Since its inception, the Web has been synonymous with the browser. Pundits hailed NCSA Mosaic as "the killer app of the Internet" in 1993, and today's browsers share an unbroken lineage from that humble beginning.
Stories by Neil McAllister
The late science fiction author Arthur C. Clarke famously said that "any sufficiently advanced technology is indistinguishable from magic."
It remains one of the thorniest problems in app dev: How to get the folks in the blue shirts, khakis, and glasses to make nice with their black-shirted, skinny-jeaned, faux-hawked neighbors down the hall? Like as not, your own answer largely depends on which side of the building you sit.
I'm not embarrassed to admit it: I'm a big fan of Office 2007. I think Microsoft got a lot right with its latest release, starting with the ribbon interface and including any number of tweaks and improvements that make my day easier. I can't say I'm thrilled about the price of the suite, however; nor the countless SKUs to choose from. Plus, I'm also a big Linux fan. That's why I always try to keep my eye on the current state of OpenOffice.org, the open source office suite founded by Sun Microsystems.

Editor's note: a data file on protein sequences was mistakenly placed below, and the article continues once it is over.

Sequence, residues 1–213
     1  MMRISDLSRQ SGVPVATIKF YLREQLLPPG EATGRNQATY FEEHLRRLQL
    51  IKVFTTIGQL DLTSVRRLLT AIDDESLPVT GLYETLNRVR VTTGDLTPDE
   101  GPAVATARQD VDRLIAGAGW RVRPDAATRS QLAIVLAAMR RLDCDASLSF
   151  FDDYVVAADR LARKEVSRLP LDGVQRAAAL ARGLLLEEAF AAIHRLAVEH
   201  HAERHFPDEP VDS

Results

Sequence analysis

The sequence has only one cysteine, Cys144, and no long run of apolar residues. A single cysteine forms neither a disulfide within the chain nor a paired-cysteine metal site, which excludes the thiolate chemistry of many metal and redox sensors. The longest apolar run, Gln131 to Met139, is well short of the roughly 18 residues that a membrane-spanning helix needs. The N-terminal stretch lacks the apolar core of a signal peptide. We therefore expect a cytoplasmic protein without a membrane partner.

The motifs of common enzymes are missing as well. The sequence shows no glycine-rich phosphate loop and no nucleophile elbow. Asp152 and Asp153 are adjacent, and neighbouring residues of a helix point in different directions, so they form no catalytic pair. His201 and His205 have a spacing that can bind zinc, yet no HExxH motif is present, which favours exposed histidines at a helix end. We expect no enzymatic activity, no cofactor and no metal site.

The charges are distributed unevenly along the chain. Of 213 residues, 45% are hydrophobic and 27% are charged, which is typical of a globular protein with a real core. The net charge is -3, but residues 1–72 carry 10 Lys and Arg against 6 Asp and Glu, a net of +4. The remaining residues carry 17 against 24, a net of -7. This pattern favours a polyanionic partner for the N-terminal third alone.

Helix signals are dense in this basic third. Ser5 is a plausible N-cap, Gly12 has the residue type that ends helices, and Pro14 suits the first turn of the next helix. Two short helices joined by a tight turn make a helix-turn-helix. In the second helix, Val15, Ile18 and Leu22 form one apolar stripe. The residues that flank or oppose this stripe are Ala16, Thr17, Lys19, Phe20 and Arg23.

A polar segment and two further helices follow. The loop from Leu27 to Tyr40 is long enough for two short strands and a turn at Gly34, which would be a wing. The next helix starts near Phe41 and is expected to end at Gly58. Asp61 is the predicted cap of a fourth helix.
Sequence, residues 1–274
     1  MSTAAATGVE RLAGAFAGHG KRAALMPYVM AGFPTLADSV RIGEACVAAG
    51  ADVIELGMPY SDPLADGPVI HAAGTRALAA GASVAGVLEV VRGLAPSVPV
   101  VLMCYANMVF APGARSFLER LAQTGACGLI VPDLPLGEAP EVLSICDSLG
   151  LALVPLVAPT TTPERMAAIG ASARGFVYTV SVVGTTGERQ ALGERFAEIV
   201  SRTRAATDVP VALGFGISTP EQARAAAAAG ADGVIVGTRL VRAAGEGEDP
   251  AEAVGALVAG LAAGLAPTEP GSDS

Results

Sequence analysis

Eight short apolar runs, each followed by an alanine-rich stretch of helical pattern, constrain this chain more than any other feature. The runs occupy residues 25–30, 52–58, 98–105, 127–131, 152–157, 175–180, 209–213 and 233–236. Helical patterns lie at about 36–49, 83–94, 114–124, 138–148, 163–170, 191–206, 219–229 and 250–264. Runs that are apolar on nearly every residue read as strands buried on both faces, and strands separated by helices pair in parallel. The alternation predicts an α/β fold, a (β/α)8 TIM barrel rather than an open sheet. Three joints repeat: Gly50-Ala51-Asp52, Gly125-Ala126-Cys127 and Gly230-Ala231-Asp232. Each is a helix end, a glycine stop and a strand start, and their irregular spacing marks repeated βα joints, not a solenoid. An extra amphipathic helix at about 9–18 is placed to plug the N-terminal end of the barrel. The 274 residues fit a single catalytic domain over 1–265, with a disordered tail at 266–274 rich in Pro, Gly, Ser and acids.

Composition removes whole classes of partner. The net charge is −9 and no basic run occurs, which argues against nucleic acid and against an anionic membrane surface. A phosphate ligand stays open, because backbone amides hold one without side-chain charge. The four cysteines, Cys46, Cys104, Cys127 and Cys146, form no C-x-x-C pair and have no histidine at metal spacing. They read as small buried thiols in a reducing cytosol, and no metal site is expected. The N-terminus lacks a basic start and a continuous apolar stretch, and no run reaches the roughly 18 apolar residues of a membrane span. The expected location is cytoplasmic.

The beta of the next version of Ubuntu Linux has arrived, though judging by its stability and polish you'd be hard pressed to tell it's a testing release. Ubuntu 8.04, code-named "Hardy Heron," is scheduled to be an LTS (Long Term Support) edition, and you can tell its developers have worked diligently to make it worthy of the title.
OpenOffice.org 2.4, the latest version of the free productivity application suite, was released Thursday and is now available for download for a number of operating systems, including Windows, Linux, and Mac OS X.